13. The light of claim 9 wherein the axes of the reflective surfaces defined by each projection intersect said plane at an angle.
14. The light of claim 13 wherein said cant angles of said projection defined reflective surfaces are all the same.
15. The light of claim 14 wherein the cant angles of said projection defined reflective surfaces are different than said first angle.
16. The light of claim 8 wherein said laterally spaced reflective surfaces have substantially the same shape and are canted at the same angle and said laterally spaced reflective surfaces are generally oppositely oriented whereby the said axes of said second and third surfaces intersect, the said first axes of said reflectors being oriented generally parallel to one another.
17. The light of claim 11 wherein said laterally spaced reflective surfaces have substantially the same shape and are canted at the same angle and said laterally spaced reflective surfaces are generally oppositely oriented whereby the said axes of said second and third surfaces intersect, the said first axes of said reflectors being oriented generally parallel to one another.
18. The light of claim 13 wherein said laterally spaced reflective surfaces have substantially the same shape and are canted at the same angle and said laterally spaced reflective surfaces are generally oppositely oriented whereby the said axes of said second and third surfaces intersect, the said first axes of said reflectors being oriented generally parallel to one another.
19. The light of claim 15 wherein said laterally spaced reflective surfaces have substantially the same shape and are canted at the same angle and said laterally spaced reflective surfaces are generally oppositely oriented whereby the said axes of said second and third surfaces intersect, the said first axes of said reflectors being oriented generally parallel to one another.
20. The light of claim 1 wherein said light generators respectively comprise a gaseous discharge tube and an incandescent lamp.
21. The light of claim 7 wherein said light generators respectively comprise a gaseous discharge tube and an incandescent lamp.
22. The light of claim 8 wherein said light generators respectively comprise a gaseous discharge tube and an incandescent lamp.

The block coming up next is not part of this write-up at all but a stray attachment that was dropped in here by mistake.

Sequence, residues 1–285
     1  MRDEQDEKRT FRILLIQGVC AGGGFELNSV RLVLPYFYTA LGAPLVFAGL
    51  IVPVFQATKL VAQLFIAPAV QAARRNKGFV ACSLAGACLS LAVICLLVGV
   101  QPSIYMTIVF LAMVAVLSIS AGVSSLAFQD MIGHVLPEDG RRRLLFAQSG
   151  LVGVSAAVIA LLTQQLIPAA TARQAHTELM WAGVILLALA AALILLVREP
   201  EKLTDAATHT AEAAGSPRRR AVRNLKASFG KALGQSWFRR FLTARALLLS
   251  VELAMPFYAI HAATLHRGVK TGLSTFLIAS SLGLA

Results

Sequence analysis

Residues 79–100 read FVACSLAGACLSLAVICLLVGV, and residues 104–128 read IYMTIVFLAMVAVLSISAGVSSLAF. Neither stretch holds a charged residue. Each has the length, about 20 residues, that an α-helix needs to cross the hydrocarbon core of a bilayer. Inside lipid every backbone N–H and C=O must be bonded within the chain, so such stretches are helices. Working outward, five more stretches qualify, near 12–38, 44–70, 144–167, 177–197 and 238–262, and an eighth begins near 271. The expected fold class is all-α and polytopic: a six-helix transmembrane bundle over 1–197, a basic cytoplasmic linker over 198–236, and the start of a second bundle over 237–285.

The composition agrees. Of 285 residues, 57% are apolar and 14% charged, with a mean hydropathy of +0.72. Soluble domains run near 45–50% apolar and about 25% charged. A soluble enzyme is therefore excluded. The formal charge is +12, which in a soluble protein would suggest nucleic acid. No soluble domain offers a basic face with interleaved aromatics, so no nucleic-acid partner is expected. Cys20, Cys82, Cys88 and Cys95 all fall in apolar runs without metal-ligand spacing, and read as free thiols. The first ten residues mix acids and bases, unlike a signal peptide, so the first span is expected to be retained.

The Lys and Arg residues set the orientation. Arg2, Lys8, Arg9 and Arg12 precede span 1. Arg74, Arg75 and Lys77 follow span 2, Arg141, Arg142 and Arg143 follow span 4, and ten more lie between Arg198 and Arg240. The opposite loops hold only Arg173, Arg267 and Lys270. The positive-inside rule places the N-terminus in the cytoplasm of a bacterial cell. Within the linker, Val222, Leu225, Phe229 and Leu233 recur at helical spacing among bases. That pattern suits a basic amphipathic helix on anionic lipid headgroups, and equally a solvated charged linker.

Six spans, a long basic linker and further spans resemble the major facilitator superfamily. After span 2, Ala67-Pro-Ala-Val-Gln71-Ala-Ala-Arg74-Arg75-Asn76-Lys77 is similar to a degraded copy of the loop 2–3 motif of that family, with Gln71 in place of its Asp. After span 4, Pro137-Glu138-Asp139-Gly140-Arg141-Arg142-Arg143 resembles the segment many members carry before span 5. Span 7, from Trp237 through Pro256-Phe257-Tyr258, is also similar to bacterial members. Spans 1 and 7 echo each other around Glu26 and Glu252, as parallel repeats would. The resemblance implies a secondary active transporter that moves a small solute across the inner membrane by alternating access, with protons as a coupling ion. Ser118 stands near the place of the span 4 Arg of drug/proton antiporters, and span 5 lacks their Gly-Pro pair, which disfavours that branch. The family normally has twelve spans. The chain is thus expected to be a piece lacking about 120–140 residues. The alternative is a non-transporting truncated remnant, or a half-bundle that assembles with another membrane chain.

23. The light of claim 19 wherein said light generators respectively comprise a gaseous discharge tube and an incandescent lamp.
24. A reflector comprising:
a first reflective surface, said first surface being a portion of a paraboloid of revolution about a first axis, said paraboloid of revolution having a focal point;
a second reflective surface extending from said first surface, said second surface being a portion of a paraboloid of revolution about a second axis, the paraboloid of revolution of said second surface having the same focal point as that of said first surface, the axes of said paraboloids being coplanar and intersecting at said focal point;
a third reflective surface extending from said first surface, said third surface being a portion of a paraboloid of revolution about a third axis, the paraboloid of revolution of said third surface having a common focal point with those of said first and second surfaces, said third axis being coplanar with said first and second axes and intersecting said first and second axes at said common focal point, said third surface being spaced from and oppositely disposed relative to said second surface;
a pair of spacially displaced and oppositely disposed projections extending from said first surface, said projections extending to both sides of the plane defined by said first, second and third axes, said projections each defining a pair of reflective surfaces which are portions of paraboloids of revolution about an axis, the paraboloid of revolution of each of said projection defined surfaces having a focal point which coincides with said common focal point, said reflective surfaces of each pair being located at opposite sides of said plane, the axis of the paraboloid of revolution of each surface of each pair intersecting said plane at an angle, the axis of the paraboloid of revolution of each surface of each pair also intersecting said first axis at an angle, the angle of intersection of each said projection defined paraboloid axis with said first axis being different from the angle of intersection of said first and second axes; and